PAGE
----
Monument of Alexander II, Helsingfors, Russia, i.e., Helsinki, Finland


This photochrome print of the statue of Alexander II in Senate Square in Helsinki is part of “Views of Architecture and Other Sites Primarily in Poland, Russia, and the Ukraine” from the catalog of the Detroit Publishing Company (1905). Alexander II (1818–81) was the tsar of the Russian Empire from 1855 to 1881. Finland became a grand duchy within the Russian Empire in 1809 and achieved independence from Russia only in 1917. This statue, which was designed by the Finnish sculptor Walter Runeberg (1838–1920) and completed in 1894, commemorates Alexander’s reestablishment of the Finnish legislative body, the Diet of Finland, in 1863. It also honors reforms that allowed Finland additional autonomy within the empire. Buildings in the photograph are the Helsinki Cathedral and the Palace of the Council of State. Within the Russian Empire, Helsinki generally was known by its Swedish name of Helsingfors.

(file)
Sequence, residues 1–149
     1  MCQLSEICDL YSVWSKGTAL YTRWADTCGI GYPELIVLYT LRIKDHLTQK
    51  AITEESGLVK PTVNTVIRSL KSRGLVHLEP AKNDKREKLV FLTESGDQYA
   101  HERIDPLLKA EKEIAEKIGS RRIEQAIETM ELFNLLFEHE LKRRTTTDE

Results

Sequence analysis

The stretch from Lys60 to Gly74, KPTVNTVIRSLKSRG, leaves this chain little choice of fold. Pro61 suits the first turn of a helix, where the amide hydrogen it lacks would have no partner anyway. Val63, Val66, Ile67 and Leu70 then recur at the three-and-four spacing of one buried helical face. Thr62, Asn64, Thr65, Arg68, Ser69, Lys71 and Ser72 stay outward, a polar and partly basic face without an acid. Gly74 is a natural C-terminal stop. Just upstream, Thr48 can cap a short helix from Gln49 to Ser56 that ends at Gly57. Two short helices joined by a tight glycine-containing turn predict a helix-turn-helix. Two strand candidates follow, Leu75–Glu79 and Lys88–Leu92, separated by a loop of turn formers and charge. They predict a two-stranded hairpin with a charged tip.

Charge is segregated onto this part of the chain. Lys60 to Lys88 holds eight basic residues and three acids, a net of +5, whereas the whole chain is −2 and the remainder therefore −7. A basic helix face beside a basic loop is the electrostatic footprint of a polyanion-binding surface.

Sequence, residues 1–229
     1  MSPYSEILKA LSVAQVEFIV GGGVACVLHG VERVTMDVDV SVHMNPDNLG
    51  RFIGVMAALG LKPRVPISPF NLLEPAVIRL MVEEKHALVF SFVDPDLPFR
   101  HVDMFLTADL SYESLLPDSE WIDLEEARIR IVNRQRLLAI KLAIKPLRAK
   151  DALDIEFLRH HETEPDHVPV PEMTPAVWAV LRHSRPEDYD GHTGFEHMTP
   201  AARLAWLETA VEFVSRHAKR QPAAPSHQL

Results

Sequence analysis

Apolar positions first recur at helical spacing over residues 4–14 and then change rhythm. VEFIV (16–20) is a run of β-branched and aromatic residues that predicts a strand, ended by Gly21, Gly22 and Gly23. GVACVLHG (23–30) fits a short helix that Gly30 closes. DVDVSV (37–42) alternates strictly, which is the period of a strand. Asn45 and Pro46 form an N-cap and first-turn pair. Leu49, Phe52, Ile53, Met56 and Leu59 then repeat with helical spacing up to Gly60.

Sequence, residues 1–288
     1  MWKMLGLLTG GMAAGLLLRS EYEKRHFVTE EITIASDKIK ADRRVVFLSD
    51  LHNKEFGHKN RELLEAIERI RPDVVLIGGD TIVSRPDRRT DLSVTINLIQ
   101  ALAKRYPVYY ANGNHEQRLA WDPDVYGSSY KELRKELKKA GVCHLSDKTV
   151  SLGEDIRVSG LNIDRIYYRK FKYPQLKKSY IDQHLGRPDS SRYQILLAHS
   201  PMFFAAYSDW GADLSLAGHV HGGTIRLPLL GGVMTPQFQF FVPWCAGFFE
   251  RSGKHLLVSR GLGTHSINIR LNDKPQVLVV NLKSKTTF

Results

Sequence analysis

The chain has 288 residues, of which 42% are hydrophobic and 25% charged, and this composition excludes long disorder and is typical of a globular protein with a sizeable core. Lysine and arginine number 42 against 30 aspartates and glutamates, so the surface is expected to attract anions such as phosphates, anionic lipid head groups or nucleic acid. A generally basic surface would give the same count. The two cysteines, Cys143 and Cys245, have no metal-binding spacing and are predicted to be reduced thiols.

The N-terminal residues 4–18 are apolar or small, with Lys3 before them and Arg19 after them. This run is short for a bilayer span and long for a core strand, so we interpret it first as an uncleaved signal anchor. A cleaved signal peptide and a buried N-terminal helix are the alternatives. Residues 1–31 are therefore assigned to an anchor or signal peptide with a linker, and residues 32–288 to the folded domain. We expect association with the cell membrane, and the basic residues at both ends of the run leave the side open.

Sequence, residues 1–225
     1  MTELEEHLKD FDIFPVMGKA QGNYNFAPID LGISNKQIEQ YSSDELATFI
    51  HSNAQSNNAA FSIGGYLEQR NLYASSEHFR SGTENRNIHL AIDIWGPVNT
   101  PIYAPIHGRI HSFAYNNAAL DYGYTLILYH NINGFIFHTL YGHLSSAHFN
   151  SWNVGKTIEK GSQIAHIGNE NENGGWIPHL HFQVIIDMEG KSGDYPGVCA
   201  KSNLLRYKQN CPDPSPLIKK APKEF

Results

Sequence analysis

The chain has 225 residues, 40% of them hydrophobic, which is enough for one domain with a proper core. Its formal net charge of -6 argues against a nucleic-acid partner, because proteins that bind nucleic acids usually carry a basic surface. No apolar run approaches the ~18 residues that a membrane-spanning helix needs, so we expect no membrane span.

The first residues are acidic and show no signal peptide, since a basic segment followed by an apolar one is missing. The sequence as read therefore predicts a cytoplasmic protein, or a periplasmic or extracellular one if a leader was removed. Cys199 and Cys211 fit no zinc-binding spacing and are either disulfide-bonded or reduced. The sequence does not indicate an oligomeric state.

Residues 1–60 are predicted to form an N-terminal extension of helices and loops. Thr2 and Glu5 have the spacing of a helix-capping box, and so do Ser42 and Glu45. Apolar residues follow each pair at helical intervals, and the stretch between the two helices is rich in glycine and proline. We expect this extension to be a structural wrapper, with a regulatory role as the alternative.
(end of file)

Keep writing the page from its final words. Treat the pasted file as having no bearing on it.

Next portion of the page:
Date Created

Subject Date

Publication Information

Detroit Publishing Company, Detroit, Michigan

Type of Item

Physical Description

1 photomechanical print : photochrom, color


  • The Detroit Photographic Company was launched as a photographic publishing firm in the late 1890s by Detroit businessman and publisher William A. Livingstone, Jr., and photographer and photo-publisher Edwin H. Husher. They obtained exclusive rights to use the Swiss "Photochrom" process for converting black-and-white photographs into color images and printing them by photolithography. This innovative process was applied to the mass production of color postcards, prints, and albums for sale to the American market. The firm became the Detroit Publishing Company in 1905.

Last updated: December 12, 2013